Lash La Rue Could Really Crack A Whip
The Good Guy Cowboy Hero That Always Wore Black
Alfred “Lash” La Rue (June 15, 1917–May 21, 1996) was a popular western motion picture star of the 1940’s and 1950’s.
Lash La Rue comic books sold over one million copies around the world.
LaRue, who adopted the nickname Lash after he picked up his whip, was originally named Albert. He was born in Gretna, La., and, after attending the College of the Pacific, he worked as a real estate salesman and later acted on the stage. A colorful storyteller, he liked to say that he had done a screen test for Warner Brothers but had been turned down because he looked too much like Humphrey Bogart, one of the studio’s biggest stars.
Whatever the facts, for several years he struggled playing bit parts. His big break came with the 1945 film “Song of Old Wyoming,” in which he played the Cheyenne Kid, a hero who violated Hollywood convention by wearing black and riding a black horse, named Rush. He made an instant impression by picking a flower for his paramour with a flick of his bullwhip.
“The usual cowboy hero won because goodness prevails,” said Dennis Rogers, a columnist at The News and Observer in Raleigh, N.C., who knew Mr. LaRue and wrote about him. “Lash won because he was just tougher than anybody else. He did it by being badder than the bad guys.”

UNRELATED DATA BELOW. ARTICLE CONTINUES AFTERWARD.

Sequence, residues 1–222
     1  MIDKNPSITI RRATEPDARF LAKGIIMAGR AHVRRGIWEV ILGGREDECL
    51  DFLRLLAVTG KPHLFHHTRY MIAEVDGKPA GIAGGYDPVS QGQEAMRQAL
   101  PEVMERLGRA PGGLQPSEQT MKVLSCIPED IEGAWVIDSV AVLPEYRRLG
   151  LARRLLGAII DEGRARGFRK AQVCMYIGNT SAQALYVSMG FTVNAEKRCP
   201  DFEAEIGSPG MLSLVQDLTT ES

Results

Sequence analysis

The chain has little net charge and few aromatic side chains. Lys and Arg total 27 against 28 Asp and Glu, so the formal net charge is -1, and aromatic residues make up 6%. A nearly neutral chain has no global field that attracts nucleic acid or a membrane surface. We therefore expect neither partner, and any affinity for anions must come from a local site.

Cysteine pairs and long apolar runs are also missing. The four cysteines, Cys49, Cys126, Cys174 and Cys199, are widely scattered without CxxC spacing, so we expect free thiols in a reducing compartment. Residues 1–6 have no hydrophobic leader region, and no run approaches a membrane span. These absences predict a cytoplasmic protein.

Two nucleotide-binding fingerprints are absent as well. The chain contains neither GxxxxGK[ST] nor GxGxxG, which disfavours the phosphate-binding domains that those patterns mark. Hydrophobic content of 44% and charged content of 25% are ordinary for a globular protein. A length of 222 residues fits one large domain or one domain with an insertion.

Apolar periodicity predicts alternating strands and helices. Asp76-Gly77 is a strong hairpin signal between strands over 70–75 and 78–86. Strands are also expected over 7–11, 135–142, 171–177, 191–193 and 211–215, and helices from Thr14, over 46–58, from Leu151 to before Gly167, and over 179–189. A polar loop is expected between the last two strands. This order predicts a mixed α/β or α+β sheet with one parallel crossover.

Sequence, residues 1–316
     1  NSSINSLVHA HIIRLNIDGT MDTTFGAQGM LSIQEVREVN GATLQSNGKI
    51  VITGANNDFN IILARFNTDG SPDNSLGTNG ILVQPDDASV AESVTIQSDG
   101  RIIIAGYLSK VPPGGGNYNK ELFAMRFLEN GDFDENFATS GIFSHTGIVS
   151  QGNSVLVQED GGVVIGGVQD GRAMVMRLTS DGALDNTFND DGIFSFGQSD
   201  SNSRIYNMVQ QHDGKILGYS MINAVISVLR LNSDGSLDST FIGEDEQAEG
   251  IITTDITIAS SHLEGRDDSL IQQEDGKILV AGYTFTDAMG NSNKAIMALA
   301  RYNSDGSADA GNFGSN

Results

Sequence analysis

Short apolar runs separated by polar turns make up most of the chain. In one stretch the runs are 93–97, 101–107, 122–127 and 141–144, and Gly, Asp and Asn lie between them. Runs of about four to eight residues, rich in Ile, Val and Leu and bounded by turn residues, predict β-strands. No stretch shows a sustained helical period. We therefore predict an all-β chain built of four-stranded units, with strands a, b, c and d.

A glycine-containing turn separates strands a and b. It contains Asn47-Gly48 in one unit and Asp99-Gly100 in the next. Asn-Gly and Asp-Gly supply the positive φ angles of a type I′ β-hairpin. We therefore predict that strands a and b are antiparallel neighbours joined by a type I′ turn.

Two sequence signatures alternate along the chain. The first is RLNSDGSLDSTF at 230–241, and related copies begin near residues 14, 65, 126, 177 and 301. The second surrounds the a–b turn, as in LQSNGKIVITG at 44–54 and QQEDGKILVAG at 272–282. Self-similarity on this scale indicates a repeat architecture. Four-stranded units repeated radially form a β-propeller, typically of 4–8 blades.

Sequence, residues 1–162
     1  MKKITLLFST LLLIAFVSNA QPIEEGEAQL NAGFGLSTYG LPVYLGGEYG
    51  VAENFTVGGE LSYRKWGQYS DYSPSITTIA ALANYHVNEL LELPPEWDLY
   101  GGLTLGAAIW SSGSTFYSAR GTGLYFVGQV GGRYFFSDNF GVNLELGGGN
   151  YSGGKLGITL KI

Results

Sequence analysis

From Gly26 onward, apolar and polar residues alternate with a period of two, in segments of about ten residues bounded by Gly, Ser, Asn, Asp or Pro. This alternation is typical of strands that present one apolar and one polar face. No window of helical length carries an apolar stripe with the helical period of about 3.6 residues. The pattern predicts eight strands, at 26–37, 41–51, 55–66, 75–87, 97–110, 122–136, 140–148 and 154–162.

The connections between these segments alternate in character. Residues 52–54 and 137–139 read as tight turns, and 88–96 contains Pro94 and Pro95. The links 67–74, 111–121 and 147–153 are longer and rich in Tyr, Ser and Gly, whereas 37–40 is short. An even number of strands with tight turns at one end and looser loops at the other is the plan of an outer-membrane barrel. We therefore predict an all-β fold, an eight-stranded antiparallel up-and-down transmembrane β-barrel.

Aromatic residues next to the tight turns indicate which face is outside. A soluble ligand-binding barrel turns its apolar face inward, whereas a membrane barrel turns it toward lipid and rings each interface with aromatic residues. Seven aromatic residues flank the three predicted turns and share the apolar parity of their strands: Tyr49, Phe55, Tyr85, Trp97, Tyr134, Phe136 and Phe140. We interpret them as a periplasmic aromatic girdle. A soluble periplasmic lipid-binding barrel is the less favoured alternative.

The film spawned a series of bullwhip westerns, including “Law of the Lash,” “The Caravan Trail,” “Border Feud” and “Mark of the Lash.” All were low-budget shoot-’em-ups with Mr. LaRue appearing as the Cheyenne Kid or as Lash LaRue. Connoisseurs of the genre hold “King of the Bullwhip” (1951) in particularly high regard.
When television killed the B western, Lash LaRue survived by playing character roles. His last film, made in 1961, was “Please Don’t Touch Me.” From 1952 to 1953 he was the host of “Lash of the West,” a showcase of his westerns. In 1959, he played Johnny Behan, the corrupt sheriff on the television show “The Life and Legend of Wyatt Earp.”
When his acting career ran out, he took his bullwhip on the road, traveling with circuses, carnivals and Wild West shows. He soon fell on hard times. In 1966 he was arrested in Miami for vagrancy, with only 35 cents in his pocket. Later he became an evangelist working with alcoholics in St. Petersburg, Fla.
In 1980, he experienced a resurgence, as nostalgia film clubs found that they could afford to hire LaRue to appear at their film festivals. In 1986 he appeared in the television remake of “Stagecoach.”
He was the classic cowboy, a man who still wore boots and bolo ties. When his trademark black shirt showed signs of fading, Lash LaRue would discard it for a new one.
After decades of popularity, interest in westerns faded and he was forced to make a living from appearances at fairs and conventions for western film buffs.
Problems with the Internal Revenue Service and alcohol made it difficult for him to work in later years.
He had exceptional skill with the bullwhip and taught Harrison Ford how to use a bullwhip in the Indiana Jones movies.
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